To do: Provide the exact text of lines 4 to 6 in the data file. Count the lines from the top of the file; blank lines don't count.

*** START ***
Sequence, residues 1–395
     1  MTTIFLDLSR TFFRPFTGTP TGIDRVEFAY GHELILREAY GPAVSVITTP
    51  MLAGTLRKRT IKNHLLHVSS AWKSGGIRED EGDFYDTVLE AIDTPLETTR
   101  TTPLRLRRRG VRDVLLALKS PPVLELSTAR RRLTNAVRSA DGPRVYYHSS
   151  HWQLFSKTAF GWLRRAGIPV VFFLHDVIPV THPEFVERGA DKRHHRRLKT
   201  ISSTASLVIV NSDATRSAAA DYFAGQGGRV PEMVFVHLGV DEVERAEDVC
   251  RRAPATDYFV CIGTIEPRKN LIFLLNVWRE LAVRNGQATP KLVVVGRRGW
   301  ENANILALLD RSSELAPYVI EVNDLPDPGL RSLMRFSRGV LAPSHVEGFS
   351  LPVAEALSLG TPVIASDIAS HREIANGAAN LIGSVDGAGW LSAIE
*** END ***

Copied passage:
   101  TTPLRLRRRG VRDVLLALKS PPVLELSTAR RRLTNAVRSA DGPRVYYHSS
   151  HWQLFSKTAF GWLRRAGIPV VFFLHDVIPV THPEFVERGA DKRHHRRLKT
   201  ISSTASLVIV NSDATRSAAA DYFAGQGGRV PEMVFVHLGV DEVERAEDVC